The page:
How to buy camping and hiking equipment without breaking the bank

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Looking for gear for your next camping or hiking adventure? Here's some clever tips to help you get the gear you need.

Camping and hiking in The Great Southern Land throughout Winter and Spring is a popular choice for Australians looking for an active holiday. Pitching a tent, sleeping under stars, and covering some wild terrain is fun for the entire family. If you don’t have any equipment and feel like you need some, what’s the best way of getting the equipment you need? If you’ve got a taste for camping or hiking and are planning to go more than at least twice per year, buying the equipment is more economical than hiring. But how should you approach your equipment purchases?

Do You Really Need to Buy That?

You need to set a realistic budget for your camping and hiking equipment purchases – what do you absolutely need, and what can you borrow or hire instead? If you’re only hiking once a year, it makes more sense to hire that high-spec pack, rather than buying it. But if you are going away a few times a year and get a lot of use out of a tent or a sleeping bag, it makes sense to buy them outright. You can even go halves in a tent with another family and use it as a “time share” – just make sure you don’t want to use it at the same time! If you can, try to make your clothing purchases dual purpose – if you’re buying thermal underwear, perhaps you can also use it during the cold months at home (and save a bit on heating!)

Don’t Go for Elite Kit

A trip to a brand name outdoor equipment store can dazzle you with all the advanced camping and hiking equipment on offer. Tear-proof “tactical” jackets, Gore-Tex gloves, -15°C sleeping bags, spiked mountaineering boots – buying all the mountaineering and survival equipment designed for fully self-sufficient, extreme expeditions can quickly blow your budget. If you’re only going on day hikes or overnight stays, the latest and greatest tents aren’t necessary. When it comes to hiking, weight matters, though if you are only doing 5K or 10K hikes on popular tracks and going back to your base camp at the end of the day, weight won’t be such an issue, while more space might be appreciated. Entry-level or mid-level equipment will do you fine, especially if you’re not planning anything too strenuous.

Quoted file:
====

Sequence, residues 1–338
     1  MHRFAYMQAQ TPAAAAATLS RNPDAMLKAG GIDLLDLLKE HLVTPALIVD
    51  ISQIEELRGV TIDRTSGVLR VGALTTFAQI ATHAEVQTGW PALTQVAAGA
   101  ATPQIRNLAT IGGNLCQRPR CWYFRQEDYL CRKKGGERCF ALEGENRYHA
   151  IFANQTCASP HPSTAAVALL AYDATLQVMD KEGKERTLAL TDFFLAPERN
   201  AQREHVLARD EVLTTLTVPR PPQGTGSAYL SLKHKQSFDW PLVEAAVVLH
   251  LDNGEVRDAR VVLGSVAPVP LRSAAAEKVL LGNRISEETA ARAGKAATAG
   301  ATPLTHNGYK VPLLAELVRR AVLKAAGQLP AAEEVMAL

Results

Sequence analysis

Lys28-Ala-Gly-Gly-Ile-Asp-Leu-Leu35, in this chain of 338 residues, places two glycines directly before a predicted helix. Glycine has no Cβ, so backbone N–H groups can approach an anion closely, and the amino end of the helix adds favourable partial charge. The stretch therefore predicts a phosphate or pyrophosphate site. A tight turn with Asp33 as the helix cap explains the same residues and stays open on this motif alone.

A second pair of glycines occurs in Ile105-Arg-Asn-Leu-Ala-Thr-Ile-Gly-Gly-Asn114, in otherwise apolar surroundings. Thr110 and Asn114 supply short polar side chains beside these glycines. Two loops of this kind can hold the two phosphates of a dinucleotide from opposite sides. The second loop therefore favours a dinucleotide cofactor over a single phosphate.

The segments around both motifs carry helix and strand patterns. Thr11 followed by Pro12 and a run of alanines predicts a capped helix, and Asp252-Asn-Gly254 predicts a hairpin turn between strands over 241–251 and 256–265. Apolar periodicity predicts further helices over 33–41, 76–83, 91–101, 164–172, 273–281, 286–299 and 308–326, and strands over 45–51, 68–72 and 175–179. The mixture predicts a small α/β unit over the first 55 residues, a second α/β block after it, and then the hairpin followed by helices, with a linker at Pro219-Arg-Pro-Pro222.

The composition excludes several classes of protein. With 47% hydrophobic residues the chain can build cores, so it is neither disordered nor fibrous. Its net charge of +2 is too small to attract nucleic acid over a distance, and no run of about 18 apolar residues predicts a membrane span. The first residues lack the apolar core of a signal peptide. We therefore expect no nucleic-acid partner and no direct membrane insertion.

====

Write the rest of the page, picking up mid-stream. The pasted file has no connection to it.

Consider what you’re really looking at spending:

Hike Tent: $600
Pack: $500
Boots: $500
Jacket: $500
Soft Shell: $400
Sleeping Bag: $500
Mat: $300
Stove: $500

In this example, you have already spent around $4000 for the core equipment, none of which is of the highest specs available. It is worth considering if this is really an 'investment' or just a feel-good adventure splurge!

Don’t Put it on the Credit Card

With any holiday or non-essential item, the big temptation is to spend up huge and put it all on the credit card. This can be fraught with (financial) danger. Bill Tsouvalas, personal finance expert and Savvy managing director says that unless you’re treating your credit card like a fixed term loan, you could end up paying substantially more in interest.

“Putting large purchases on the credit card will load you up on interest if you don’t pay everything back within the interest-free period,” he says. “Worse yet you may be tempted to blow your budget because ‘one more purchase can’t hurt.’ It might not upfront, but it could bite you down the track with significant ongoing interest. If you only pay back the minimum, it could take years to pay off and add potentially in interest.”

Consider a Small Loan Instead

A small loan is a type of limited-term and fixed interest loan ranging from $500 to $5000. This allows you to borrow a smaller than usual amount (compared with personal loans) so you can stick to a predetermined budget.

Obtaining a small online cash loan gives you a set amount to spend, unless you want to fork out your own money, and a set amount of time to pay back the loan ranging from months to a couple of years. These are often better than a credit card as every repayment you make gets you closer to a zero balance. You can add to a credit card with purchases which only means more to repay in interest.”

You’ll make better, more clear-headed purchasing decisions once the initial excitement has worn off.

Remember to talk to a financial professional if you’re unsure.

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